The company’s customers range from sole proprietors with a few dozen employees and as little as a few hundred thousand dollars a year or businesses with as much as a few million dollars a year in annual revenue. Fundbox asks its customers to connect with it via some aspect of their transactional system, such as their invoicing app or even their bank account.
“We look at these business transactions sitting in their systems and put together what we call a business graph where you can imagine the nodes of the graph being all these small businesses that are trading with each other, with the customers being their vendors and the connections being their transactions,” Fuloria explained. “And that graph becomes our picture of the small business economy to derive signals or features that can be used to assess the risk of a B2B transaction or a B2B small business.”
The company then uses those risk assessments to provide tools, such as working capital on tap or the ability to get instant funding against an invoice. It also integrates with other companies’ technology. For example, it’s partnered with Intuit and is natively integrated inside of QuickBooks. It also shows up in places like FreshBooks’ accounting software or in Synchrony’s merchant center (Synchrony is an investor in Fundbox).
The small end of the small businesses are often ignored by large banks, Fuloria contends, because the average bank spends over $3,500 (largely in human capital) in assessing a small business’s risk. For loans that aren’t much more than that, it’s not exactly worth it. However, to be clear, Fundbox says it offers up to $150,000 in lines of credit.
“Our focus on using AI to make these decisions really helps us shine because more than 99% of all our decisions are completely automated without any human involvement whatsoever,” Fuloria said. “And that lets us really scale and serve customers very, very efficiently.”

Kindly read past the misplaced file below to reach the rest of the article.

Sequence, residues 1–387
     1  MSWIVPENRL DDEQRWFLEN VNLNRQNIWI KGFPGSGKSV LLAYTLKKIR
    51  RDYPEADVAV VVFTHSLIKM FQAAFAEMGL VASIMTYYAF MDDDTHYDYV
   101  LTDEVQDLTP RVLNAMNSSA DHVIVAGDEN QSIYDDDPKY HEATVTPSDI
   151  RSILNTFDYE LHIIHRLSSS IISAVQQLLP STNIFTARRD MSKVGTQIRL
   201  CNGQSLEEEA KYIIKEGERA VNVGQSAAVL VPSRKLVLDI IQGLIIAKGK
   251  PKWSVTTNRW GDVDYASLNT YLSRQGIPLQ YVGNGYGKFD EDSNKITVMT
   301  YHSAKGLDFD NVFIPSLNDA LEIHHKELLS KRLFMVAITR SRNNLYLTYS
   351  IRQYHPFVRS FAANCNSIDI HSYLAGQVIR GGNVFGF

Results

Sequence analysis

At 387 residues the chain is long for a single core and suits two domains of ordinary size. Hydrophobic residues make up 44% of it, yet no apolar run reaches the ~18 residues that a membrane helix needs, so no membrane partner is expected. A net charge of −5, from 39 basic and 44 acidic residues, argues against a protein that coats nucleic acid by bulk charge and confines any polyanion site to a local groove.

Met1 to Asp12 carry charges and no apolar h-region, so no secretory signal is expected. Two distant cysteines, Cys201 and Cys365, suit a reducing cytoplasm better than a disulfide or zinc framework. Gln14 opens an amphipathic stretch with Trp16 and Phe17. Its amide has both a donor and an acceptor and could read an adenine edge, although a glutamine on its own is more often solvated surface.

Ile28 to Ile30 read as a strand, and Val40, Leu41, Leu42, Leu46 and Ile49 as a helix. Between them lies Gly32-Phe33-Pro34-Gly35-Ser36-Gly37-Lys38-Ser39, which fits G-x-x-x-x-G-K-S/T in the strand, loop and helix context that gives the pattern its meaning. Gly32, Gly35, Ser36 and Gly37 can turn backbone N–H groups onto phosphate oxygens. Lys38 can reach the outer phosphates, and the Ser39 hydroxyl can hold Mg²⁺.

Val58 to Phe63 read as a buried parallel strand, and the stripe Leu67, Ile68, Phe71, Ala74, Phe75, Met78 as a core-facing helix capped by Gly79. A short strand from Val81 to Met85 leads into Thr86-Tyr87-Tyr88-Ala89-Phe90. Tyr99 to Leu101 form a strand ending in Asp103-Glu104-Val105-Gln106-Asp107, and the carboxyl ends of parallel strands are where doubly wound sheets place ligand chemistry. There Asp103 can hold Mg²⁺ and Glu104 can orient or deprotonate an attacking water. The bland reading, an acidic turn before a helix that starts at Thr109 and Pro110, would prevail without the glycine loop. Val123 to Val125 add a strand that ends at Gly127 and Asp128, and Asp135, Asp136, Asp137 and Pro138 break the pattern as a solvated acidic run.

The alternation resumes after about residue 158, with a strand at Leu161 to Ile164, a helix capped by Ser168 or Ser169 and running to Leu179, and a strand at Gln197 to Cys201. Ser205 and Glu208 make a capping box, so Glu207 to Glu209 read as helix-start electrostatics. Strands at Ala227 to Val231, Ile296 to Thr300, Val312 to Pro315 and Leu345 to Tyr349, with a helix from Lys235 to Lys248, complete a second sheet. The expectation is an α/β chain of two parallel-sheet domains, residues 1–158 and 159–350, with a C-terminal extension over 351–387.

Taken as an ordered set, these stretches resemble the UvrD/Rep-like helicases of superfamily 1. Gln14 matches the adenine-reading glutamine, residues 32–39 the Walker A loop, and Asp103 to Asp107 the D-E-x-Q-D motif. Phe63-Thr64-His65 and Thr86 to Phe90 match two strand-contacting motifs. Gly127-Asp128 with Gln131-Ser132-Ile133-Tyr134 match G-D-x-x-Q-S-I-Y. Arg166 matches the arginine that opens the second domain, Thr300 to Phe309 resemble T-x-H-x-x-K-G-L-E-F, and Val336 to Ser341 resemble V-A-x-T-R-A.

While primarily having served as a lender, Fundbox is now expanding into payments and membership-based offerings (with the intent to generate a subscription revenue stream). The company recently launched Flex Pay, which is designed to provide small business owners with additional payment options and greater flexibility for business expenses.
For example, Fundbox Line of Credit customers now get three extra days to pay those expenses. Repayment options include a bank account, credit card or Line of Credit draw, essentially providing small business owners with another tool to buy now, pay later, according to Fuloria.
Looking ahead, next year Fundbox plans to develop a product aimed specifically at entrepreneurs with multiple small businesses as well as new businesses that lack the financial history to access capital through traditional means.
Shrirang Apte, VP of HOOPP, believes Fundbox’s performance this year speaks to the market opportunity “in disrupting the highly underserved world of small business financing, which has traditionally lagged behind consumer financing innovations.”
Fundbox plans to use its new capital to expand its 300-person team, customer acquisition and expanding its product offerings. It recently hired a handful of new execs, including two former Capital One veterans — Khary Scott and Shawn Haigh to serve as VP and head of partnerships and VP of growth marketing, respectively.